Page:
For the aficionado, every moment in baseball is fraught with strategy and drama. Like chess players, managers make moves to either exploit an opportunity or cover a major weakness. All this is done under the penetrating gaze of thousands of fans in the stadium and millions more watching on television. Buzz Bissinger, whose evocative portrayal of high school football in Friday Night Lights captured both the rigors of the game and its pivotal link to the social fabric of a community, brings his keen observation and insightful writing to the game of baseball. The premise of the book is simple: to look at a three-game series between the St. Louis Cardinals and the Chicago Cubs from the perspective of Tony La Russa, the Cardinals’ manager. What follows is a treatise on managing that is simultaneously engaging to the average fan and a textbook in decision-making for those of a more serious mien.
Bissinger chose his milieu with an unerring sense of tradition and history. Both the Cubs and the Cardinals have a history of rivalry that dates back to many years past. Now, as division rivals, their rivalry is magnified many-fold. This, coupled with the Cubs resurgence from lovable losers of the past to a talented team capable of going all the way, has made every game – even a regular season August series – between these adversaries Armageddon for rabid fans. The August series in this book brings the Cubs to St. Louis virtually tied to the home team in division standings.
Tony La Russa is not your everyday baseball manager. Armed with a law degree, a strong intellect and an overwhelming need to win, La Russa oozes seriousness from every inch of his body, not the least from his laser-sharp eyes. He gave complete access to Bissinger to follow his train of thought as well as to talk with his players and coaches, both prior to and after the three-game series in question. Bissinger leverages this singular access to give a detailed and penetrating narrative of a series that has its fill of see-saw game changes and strategic decisions that worked and some that failed.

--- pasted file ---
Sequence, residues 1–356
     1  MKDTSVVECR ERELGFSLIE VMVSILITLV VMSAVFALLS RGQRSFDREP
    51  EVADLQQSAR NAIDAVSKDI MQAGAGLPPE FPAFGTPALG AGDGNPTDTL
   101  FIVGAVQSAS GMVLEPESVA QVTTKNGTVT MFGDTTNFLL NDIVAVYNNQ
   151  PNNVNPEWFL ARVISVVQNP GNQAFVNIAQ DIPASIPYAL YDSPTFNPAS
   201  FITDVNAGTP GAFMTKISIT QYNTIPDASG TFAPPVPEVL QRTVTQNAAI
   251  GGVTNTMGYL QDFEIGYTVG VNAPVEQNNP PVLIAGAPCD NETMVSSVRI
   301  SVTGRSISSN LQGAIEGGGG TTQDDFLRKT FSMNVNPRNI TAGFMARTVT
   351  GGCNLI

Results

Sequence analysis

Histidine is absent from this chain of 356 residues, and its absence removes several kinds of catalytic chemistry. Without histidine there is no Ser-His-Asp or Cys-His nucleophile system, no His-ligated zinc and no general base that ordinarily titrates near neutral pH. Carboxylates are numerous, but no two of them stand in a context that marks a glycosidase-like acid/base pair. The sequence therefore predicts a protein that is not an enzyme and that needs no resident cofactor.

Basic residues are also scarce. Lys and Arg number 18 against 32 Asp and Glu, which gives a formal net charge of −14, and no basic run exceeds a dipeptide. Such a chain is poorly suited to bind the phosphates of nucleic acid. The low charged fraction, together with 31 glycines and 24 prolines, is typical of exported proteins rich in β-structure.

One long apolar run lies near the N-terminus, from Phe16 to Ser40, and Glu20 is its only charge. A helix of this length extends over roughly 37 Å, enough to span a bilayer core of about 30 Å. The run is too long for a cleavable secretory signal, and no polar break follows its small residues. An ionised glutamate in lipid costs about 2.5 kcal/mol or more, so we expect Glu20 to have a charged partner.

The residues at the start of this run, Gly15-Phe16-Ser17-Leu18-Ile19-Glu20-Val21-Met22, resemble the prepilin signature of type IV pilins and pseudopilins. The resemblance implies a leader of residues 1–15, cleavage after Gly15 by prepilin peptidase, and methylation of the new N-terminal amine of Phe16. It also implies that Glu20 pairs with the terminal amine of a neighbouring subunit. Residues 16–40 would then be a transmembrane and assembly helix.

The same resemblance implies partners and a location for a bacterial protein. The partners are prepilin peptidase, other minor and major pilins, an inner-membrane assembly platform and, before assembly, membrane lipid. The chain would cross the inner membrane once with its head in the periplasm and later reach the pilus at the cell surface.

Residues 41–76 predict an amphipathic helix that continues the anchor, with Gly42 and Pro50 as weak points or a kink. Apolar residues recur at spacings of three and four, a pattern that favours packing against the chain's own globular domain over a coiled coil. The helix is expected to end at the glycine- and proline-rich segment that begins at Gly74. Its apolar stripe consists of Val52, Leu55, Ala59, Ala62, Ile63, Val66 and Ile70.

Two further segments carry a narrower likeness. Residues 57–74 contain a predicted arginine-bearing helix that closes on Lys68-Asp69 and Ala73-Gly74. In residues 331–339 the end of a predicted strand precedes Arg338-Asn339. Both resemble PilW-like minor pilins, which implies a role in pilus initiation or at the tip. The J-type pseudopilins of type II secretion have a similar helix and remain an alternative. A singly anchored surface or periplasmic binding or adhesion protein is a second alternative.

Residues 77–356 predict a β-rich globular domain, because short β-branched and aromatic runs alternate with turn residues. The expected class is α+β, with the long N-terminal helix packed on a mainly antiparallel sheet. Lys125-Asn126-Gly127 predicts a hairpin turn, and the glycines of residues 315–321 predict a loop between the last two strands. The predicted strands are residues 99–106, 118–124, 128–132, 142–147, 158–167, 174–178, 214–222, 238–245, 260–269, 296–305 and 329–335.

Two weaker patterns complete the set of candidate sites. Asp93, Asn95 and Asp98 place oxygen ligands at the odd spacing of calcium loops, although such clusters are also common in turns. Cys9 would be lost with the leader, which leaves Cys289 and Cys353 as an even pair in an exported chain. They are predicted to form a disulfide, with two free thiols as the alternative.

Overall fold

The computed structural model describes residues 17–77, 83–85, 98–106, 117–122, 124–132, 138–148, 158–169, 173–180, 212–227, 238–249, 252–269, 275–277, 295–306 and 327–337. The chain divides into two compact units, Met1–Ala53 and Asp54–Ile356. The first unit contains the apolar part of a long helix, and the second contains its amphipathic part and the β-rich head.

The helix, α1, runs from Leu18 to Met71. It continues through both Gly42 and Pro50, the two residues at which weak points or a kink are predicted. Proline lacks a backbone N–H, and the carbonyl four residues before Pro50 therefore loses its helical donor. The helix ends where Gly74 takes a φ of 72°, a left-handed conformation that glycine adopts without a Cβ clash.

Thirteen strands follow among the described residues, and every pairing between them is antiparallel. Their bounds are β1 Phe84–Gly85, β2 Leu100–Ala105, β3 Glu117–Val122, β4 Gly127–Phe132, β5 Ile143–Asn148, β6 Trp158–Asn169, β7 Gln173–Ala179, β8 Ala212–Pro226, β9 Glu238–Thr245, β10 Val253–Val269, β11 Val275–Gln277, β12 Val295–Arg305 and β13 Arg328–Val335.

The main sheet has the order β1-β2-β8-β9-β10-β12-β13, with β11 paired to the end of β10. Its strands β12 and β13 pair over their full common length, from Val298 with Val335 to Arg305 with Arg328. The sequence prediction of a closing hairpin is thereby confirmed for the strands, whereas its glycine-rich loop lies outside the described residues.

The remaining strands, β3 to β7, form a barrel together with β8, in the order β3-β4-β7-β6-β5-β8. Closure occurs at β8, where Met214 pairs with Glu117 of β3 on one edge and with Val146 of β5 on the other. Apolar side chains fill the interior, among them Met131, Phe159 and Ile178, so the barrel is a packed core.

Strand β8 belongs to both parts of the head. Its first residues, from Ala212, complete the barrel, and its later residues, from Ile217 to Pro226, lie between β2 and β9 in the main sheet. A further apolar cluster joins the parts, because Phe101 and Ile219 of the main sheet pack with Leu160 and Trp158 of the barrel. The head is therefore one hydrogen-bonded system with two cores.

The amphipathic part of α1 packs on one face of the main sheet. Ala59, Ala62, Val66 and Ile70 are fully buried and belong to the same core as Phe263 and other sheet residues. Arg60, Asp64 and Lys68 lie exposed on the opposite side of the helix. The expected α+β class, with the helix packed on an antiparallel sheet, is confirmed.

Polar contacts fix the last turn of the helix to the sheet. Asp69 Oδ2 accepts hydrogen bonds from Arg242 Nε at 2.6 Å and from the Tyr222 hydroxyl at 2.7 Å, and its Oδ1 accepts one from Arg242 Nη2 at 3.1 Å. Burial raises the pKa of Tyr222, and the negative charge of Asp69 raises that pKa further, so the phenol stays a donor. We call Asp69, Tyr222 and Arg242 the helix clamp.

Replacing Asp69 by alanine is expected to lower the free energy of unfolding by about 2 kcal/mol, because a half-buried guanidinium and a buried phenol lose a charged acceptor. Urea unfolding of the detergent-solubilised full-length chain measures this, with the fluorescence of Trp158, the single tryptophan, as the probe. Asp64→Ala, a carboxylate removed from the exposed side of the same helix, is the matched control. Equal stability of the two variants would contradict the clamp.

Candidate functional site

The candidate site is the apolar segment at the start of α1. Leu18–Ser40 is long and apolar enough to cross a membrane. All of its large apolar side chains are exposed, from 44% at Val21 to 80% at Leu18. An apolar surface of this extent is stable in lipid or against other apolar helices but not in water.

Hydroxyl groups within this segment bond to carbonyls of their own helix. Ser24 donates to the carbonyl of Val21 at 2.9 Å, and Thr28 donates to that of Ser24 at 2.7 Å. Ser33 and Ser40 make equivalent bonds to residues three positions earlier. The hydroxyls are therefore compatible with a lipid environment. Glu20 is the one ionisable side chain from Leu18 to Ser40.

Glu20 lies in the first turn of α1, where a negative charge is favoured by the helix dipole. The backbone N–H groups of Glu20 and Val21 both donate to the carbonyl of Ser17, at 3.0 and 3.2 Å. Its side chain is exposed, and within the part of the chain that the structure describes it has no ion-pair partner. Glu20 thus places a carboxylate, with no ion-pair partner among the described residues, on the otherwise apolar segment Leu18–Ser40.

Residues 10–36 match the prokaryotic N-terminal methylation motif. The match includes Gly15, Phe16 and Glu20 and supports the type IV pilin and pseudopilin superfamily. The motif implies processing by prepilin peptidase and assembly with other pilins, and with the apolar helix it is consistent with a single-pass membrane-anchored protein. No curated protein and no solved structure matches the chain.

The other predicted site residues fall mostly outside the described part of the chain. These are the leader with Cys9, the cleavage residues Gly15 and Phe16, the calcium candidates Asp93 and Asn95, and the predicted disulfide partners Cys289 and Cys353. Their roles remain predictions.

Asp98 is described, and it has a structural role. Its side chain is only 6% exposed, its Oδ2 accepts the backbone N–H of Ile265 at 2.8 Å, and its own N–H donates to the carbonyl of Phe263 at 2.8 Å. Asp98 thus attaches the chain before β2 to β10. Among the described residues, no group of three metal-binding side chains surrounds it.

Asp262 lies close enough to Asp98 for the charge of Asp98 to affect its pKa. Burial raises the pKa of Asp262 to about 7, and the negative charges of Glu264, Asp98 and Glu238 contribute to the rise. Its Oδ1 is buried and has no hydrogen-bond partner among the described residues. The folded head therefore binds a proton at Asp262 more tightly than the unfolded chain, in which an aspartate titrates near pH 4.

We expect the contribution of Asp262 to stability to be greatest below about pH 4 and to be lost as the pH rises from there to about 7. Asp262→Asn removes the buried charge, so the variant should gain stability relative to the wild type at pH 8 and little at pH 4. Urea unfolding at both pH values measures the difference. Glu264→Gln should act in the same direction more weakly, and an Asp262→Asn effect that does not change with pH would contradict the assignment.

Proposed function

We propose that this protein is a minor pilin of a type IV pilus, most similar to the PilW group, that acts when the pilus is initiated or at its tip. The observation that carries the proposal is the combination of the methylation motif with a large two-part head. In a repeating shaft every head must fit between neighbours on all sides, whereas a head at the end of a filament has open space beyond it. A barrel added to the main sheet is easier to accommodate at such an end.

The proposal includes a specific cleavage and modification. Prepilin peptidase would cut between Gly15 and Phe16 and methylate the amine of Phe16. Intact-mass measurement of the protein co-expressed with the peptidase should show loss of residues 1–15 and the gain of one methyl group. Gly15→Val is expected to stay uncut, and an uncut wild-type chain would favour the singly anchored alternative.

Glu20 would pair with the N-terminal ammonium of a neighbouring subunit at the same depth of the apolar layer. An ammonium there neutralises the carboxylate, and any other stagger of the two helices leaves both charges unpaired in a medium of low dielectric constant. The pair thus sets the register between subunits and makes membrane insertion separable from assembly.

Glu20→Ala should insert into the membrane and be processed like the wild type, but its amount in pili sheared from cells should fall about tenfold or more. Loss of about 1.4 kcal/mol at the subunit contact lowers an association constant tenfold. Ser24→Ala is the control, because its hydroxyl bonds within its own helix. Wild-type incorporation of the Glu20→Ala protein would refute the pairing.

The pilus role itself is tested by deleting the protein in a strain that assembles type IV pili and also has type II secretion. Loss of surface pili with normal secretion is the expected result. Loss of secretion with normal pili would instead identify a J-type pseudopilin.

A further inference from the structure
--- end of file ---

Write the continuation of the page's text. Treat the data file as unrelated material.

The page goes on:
In his foreword, Bizzinger remarks that even after observing leaders like Bill Clinton and New York mayor Michael Bloomberg, La Russa’s “meticulous, almost maniacal” preparation for the game is unsurpassed. La Russa has to deal with his team’s batting lineup, pitcher, bench players’ roles, his opponent’s game strategy, and myriad other aspects of baseball that may make the difference between victory and defeat. In addition, increasingly, a baseball manager has to deal with the non-baseball aspects of his players. Thus La Russa’s preoccupation before the August series centered on slugger Albert Pujols’s shoulder injury, and J.D. Drew’s strange penchant for wasting away his immense talent in a pool of indifference.
Though at times Bizzinger tends to overwrite (a minor quibble), his narrative of the three games brings to center stage the point made by baseball fans (and argued vehemently against by non-baseball fans!) that there is a lot that goes on between pitches. As each manager tries to maximize his team’s advantage, he does so in anticipation of what the other manager is likely to do. As La Russa sends in a hit-and-run play, he is doing so in the hope that Dusty Baker, the Cubs manager, is not expecting the Cardinals to do exactly this. The cat-and-mouse game between the rival managers, as captured in Bizzinger’s game descriptions, highlights the essence of baseball as a kids’ game played and enjoyed by grown men.
What started out as an “as told to” biographical collaboration between La Russa and Bissinger turns into a discourse on managing, both a baseball game and, by extension, even a business organization. Eschewing a pedantic tone throughout the book, Bizzinger intersperses serious baseball strategy with humorous anecdotes that often bring out the human element. Written with uncanny insight into both the game as played today and the modern ballplayer, Three Nights in August should appeal to all baseball fans.